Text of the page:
The art style for TWGON isn't exactly bad. It's respectable, solid... typical.
And maybe that's the problem.
Suppose you're a casual or middle-of-the-road anime fan living in Japan and surfing the internet or the TV for a new anime to watch. You have dozens upon dozens of animes to choose from, and your knowledge of where they come from and what source material they may be based on is nil. So, for you, your anime viewing choice might depend in large part simply on the visuals.
You see TWGON, and maybe you think "It looks too generic. It's overall art style reminds me too much of all sorts of other animes. Other animes like..."
Notice the considerable artistic similarities between TWGON, and the above images taken from Kaicho no Maid-sama! and Ichiban Ushiro no Daimaou. All three animes use solid coloring, normal body proportions, simple hair designs, and very basic and streamlined apparel for the characters. It's a bright and solid, but decidedly "no frills" approach to the anime's art style.
Now, contrast that with the following anime screen-shots and how our casual anime viewer might respond to them...
"Whoa, that's gnarly dude! I haven't seen any anime recently that looks much like that!"
"Really impressive attention to detail! Love the realism, and slight distinctive touches on the hair and faces!"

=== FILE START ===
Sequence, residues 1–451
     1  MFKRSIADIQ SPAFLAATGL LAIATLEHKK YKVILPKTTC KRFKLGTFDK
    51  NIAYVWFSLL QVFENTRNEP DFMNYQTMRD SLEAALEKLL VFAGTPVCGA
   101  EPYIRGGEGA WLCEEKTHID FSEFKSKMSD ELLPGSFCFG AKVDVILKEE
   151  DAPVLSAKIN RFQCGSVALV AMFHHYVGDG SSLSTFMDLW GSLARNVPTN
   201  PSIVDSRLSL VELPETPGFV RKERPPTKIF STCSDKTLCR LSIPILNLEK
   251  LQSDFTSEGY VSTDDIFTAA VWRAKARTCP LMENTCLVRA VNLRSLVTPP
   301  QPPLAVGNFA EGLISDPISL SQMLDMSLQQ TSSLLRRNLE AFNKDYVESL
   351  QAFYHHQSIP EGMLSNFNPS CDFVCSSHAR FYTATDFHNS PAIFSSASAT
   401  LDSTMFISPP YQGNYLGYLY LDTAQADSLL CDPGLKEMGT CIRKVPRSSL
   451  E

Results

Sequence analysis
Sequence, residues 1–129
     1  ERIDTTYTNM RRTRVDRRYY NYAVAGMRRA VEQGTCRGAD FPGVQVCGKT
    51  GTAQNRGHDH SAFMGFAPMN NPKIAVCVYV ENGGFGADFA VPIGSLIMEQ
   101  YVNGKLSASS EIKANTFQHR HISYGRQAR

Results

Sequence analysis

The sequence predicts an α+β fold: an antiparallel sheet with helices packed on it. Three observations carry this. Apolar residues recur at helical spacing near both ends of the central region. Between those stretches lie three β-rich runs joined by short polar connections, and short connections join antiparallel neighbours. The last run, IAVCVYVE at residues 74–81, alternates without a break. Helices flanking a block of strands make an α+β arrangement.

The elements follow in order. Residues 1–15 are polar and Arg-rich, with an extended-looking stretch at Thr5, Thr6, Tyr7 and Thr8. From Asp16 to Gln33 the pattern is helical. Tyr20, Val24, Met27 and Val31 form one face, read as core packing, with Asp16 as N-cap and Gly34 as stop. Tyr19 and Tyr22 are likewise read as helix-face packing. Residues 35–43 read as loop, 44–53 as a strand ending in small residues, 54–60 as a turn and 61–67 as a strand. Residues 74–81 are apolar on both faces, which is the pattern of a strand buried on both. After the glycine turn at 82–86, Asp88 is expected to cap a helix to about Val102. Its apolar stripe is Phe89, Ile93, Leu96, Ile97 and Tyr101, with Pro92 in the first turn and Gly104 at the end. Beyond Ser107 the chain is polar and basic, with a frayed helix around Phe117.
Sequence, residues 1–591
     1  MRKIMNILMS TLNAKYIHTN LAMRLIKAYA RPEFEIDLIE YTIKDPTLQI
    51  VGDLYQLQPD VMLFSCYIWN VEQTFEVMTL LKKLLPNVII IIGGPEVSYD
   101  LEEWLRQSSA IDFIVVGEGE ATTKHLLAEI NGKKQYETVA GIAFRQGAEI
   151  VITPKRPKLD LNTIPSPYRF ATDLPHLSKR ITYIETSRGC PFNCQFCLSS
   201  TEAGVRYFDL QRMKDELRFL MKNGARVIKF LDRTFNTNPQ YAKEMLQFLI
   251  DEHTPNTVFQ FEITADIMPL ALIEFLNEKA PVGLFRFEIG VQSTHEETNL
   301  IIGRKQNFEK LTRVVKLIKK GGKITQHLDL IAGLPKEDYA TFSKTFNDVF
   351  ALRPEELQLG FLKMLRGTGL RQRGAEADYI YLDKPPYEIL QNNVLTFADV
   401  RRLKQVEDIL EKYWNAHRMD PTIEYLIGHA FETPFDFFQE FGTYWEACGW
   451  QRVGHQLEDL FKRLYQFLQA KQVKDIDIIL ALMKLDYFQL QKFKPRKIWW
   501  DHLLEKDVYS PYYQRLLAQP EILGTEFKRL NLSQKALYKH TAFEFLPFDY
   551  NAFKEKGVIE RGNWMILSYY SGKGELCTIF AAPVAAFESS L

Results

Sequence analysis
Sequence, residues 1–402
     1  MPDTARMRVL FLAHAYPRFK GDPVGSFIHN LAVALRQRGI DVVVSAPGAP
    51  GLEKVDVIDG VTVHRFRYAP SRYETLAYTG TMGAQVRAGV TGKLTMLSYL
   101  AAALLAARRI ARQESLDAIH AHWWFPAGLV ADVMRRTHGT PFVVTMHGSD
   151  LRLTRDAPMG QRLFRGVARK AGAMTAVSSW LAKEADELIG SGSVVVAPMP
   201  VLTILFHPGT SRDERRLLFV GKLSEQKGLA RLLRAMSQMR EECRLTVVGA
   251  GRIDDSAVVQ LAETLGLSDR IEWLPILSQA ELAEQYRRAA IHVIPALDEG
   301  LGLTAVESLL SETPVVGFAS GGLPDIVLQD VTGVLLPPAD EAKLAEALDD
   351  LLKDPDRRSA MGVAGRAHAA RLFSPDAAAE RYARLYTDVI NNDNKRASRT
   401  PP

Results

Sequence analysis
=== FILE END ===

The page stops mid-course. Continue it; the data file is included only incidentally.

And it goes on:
"That's pretty conventional anime art... but the high production values are obvious! With its unique use of shading and lighting effects, this looks like a very high caliber work!"
Now, a couple things to keep in mind.
Kaicho no Maid-sama! and Ichiban Ushiro no Daimaou bombed in DVD/Blu-Ray sales.
Durarara!, K-On!!, and Angel Beats! are amongst the very best selling animes of the year.
Maybe having a generic anime art style kills viewer interest, while having something distinctive, something with impressive attention to detail, and/or something with noticeably high production values will garner greater interest and economic success. Something to consider, anyway.
So, what do you, good reader, think? Do you agree with one of these three possible causes, all of them, none of them? I'd love to hear from you. :)
In any event, I hope that TWGON can turn it around... but if it doesn't bounce back, maybe the anime industry can learn something from its failures, which would at least help the world of anime going forward.